Billie Waters  - St ives Artist

1895 - 1965

Billie Waters  was born in Richmond, Surrey on 6th April, 1895, the daughter of a solicitor, the artist was officially named Phyllis Mary Waters. Known as `Billie', she studied under Henry Massey at Heatherley's School of Fine Art, and with Iain Macnab at the Grosvenor School of Modern Art. 

Billie Waters was a relative of the famous Newlyn artist Ernest Procter he brought her to Newlyn in 1924 and turned her into a professional artist. He also made her his lover. She had a remarkable run of success at the Royal Academy showing every year from 1928 to 1944. Her animal prints sold in their thousands. She designed for Clarice Cliff as part of the Art In Industry Exhibition along with Ben Nicholson, Graham Sutherland, Dod Procter and Laura Knight. She illustrated an American children's book and  Clementine Churchill collected her work. In 1934 she was commissioned to paint mural decorations at the Knightsbridge Grille, and in August 1938 she featured in the 'Artists of Note' series in The Artist.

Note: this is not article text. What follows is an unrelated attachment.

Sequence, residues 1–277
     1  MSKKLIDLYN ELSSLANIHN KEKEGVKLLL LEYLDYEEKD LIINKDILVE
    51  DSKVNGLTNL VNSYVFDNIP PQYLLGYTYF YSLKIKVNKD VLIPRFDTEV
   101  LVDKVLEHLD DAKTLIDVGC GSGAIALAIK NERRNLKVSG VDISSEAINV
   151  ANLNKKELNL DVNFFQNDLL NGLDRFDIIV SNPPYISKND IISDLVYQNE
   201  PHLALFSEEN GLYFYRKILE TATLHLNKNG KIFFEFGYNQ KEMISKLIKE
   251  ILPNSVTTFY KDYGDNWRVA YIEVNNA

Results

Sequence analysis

She continued to return to Cornwall on a regular basis throughout her life and moved there during WWII, living at 3 The Warren, St Ives. She was friends with Ben Nicholson, Barbara Hepworth and Wilhelmina Barns-Graham and the influence of these artists is very much evident in the work she produced in the war and post war period.  Like many artists, she was always short of money and endured much for her art. Billie was a pseudonym - nobody knew her real name and when she died nobody recognised Phyllis. And then a big surprise discovered 50 years after her death. A creative life, sad end but wonderful legacy in the paintings she left behind.

 Exhibited at Royal Academy, Goupil Gallery, SWA, NS of which she was a member, Leicester Galleries, ROI and Fine Art Society.